Quiz Time!

This week for a treat we found a fun quiz from X-rite  that tests hue discrimination. It determines which sections of the spectrum you see well and where you have less acuity. Just like golf we are aiming for the lowest score possible. 

When color insensitivity gets more severe it turns in to color blindness. But in a species with such amazing evolved traits why would we still be left with 5% (mostly male) of the population with detrimental vision? Wikipedia explains:

“Any recessive genetic characteristic that persists at a level as high as 5% is generally regarded as possibly having some evolutionary advantage over the long term, such as better discrimination of color camouflaged objects especially in low-light conditions. At one time the U.S. Army found that color blind people could spot “camouflage” colors that fooled those with normal color vision. Humans have a higher percentage of color blindness than macaque monkeys according to recent research.”

So how did we do on the test? Pretty well actually. We came out with a score of 11 and a mild blue-violet insensitivity. 

But we what to know how our color smart readers do!

– Emily Eifler, Writer, Colour Studio
– Jill Pilaroscia, Principal, Colour Studio

Lapis Lazuli

We at Colour Studio  want to help educate our Clients about the importance of color in their projects. Color is a sometimes over looked and undervalued after thought that can bring distinction to an otherwise bland space. But despite our modern preoccupation with steel, glass and white paint,  materials rich in color have been prized for ages all over the world. Lapis Lazuli, a semi precious stone, is a great example.   When light hits the surface of the stone it actually interacts with its chemical composition at the atomic level. It rearranges its electrons  to higher energy levels by absorbing a slim portion of the lights wavelengths. All of the light not used to energize those electrons is reflected and can be seen by the eye as a rich powerful blue.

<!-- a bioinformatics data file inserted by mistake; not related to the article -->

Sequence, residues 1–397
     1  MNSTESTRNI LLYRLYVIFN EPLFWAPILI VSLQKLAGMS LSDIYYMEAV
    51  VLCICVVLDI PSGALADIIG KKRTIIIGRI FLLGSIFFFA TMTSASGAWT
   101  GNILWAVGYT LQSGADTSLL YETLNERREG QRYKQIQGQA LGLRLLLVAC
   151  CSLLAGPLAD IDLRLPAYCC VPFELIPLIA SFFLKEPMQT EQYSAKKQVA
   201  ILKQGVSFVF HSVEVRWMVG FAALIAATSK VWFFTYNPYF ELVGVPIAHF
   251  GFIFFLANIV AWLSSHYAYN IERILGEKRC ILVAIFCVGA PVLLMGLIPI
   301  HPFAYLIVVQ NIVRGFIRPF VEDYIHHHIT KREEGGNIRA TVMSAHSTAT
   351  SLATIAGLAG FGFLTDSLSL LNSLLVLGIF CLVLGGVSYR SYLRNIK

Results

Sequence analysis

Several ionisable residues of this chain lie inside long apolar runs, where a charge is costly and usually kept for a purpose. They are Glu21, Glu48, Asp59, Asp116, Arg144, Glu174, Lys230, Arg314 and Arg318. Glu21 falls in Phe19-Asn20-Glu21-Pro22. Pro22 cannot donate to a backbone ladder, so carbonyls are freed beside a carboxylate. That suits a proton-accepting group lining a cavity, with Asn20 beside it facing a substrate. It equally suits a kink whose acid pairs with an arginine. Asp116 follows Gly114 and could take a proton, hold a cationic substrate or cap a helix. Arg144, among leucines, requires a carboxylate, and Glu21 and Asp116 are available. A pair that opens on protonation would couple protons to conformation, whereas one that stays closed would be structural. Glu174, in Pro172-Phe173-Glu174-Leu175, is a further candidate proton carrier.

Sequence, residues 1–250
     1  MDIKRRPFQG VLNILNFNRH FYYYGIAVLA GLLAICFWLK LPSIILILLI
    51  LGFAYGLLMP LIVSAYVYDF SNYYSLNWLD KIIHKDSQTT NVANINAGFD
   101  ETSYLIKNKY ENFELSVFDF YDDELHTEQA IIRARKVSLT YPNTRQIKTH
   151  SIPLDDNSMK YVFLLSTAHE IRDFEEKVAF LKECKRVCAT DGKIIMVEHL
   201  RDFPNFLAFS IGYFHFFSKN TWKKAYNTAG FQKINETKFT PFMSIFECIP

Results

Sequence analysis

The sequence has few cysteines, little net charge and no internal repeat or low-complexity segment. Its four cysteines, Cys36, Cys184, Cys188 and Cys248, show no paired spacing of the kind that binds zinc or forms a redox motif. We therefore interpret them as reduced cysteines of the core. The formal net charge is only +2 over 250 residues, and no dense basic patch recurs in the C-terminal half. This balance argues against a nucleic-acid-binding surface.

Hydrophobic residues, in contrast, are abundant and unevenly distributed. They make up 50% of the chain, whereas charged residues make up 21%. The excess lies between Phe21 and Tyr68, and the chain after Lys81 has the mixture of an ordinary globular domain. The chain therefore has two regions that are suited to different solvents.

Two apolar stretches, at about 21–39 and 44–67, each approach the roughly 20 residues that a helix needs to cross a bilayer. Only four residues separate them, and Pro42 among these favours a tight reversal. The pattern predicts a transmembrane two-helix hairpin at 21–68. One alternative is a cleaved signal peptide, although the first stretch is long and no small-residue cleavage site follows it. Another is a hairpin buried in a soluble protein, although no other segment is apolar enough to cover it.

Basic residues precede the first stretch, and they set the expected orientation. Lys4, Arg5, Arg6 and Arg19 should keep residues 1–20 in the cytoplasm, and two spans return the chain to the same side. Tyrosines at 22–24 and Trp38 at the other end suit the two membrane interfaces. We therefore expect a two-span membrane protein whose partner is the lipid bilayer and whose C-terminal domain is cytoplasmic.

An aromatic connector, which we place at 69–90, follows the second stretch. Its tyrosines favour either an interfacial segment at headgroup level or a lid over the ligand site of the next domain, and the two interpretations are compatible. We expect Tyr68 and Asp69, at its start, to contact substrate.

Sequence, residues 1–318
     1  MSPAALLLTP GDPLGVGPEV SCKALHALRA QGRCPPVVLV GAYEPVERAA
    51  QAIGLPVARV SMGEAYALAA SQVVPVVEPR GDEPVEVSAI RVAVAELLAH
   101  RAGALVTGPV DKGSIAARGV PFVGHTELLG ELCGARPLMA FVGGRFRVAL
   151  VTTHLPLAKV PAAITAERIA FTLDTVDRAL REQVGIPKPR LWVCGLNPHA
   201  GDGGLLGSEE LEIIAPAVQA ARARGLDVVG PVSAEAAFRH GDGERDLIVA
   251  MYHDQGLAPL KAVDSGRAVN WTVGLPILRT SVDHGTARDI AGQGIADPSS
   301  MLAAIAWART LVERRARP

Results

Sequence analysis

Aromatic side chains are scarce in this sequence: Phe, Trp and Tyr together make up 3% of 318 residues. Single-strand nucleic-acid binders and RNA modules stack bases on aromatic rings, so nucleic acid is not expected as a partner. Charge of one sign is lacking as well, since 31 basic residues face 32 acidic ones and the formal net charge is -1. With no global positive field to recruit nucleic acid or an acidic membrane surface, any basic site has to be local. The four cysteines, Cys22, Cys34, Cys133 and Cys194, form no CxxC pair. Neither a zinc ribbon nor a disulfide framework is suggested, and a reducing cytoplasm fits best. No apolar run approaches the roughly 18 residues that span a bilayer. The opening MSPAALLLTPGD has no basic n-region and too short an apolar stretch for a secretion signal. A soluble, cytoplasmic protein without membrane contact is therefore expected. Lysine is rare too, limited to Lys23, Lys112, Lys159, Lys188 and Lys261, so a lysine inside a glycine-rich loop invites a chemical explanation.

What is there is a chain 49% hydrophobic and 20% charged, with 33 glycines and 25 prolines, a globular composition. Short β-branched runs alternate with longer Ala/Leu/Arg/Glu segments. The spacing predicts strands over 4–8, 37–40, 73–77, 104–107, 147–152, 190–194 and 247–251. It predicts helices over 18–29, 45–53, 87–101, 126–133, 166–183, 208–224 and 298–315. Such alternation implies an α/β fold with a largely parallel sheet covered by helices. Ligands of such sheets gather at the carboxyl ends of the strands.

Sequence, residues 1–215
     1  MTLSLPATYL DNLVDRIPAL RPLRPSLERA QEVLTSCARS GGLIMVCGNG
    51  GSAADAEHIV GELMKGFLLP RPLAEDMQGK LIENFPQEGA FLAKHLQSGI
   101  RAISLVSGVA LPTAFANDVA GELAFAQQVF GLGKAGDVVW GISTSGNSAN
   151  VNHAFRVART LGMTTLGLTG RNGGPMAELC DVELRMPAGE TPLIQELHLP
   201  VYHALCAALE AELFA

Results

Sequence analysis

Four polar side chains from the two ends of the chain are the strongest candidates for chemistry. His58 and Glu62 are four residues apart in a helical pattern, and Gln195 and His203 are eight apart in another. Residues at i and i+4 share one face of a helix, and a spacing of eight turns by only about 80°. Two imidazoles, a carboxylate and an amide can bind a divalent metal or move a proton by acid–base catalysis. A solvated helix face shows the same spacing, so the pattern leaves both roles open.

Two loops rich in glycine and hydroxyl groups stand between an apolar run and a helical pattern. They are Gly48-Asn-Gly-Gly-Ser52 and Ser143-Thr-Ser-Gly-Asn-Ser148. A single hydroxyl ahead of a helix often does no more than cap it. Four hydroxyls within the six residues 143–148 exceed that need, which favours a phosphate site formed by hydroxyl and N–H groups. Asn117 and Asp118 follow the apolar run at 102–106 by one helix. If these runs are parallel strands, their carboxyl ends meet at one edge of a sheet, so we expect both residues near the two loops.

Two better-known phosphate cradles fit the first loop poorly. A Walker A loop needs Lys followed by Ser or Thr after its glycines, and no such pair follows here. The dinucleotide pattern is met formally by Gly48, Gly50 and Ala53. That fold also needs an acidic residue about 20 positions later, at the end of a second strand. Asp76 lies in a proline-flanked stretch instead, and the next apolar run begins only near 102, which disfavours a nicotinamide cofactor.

A beautiful piece of raw Lapis via Laynedesigns
Mining and trading of the stone dates back to predynastic Egypt and 3rd millennium B.C. Afghanistan. Victoria Finlay in her book Color describes the birth place of lapis.

“With the exception of a few Russian icons which may have been painted with blue from Sibera, all the real ultramarine in both Western and Eastern art came from [Afghanistan] – from one set of mines in a valley in north-east Afganistan, collectively called Sar-e-sang, the Place of the Stone. It was where the Buddha’s topknots came from [and] it was where the monk painters of illuminated manuscripts found their skies.”

Mesopotamian lapis lazuli pendant circa 2900 BC via Wikipedia
For a stone with poor utilitarian qualities it traveled far and wide, Egypt, Rome, Iran and China to name a few. While is can not be used for bright blue spear heads, Lapis Lazuli but can be used for jewelry and other aesthetic carvings as well as crushed in to pigments and paints, even Cleopatra’s eye shadow !  Humans yearn for ornamentation, and not just for our bodies in the form of jewelry, fashion and tattoos. We ornament our spaces to better reflect and influence our lives, and color is one of our favorite ornaments. But why would we decorate ourselves and our spaces with blue exactly? What’s the draw? Again from Victoria Finlay’s book Color:

“It is curious the in English the word “blue” should represent depressing as well as transcendent things; that it should be the most holy hue and the color of pornography. Perhaps this is because blue recedes into the distance – artists use it to create space in their paintings…- so it represents a place that is outside normal life, beyond not only the sea but the horizon itself. Fantasy, depression and God are all, like blue, in the more mysterious reaches of our conscienceless.”

 Elisabeth Taylor playing Cleopatra via Makeup Mac
– Emily Eifler, Writer, Colour Studio
– Jill Pilaroscia, Principal, Colour Studio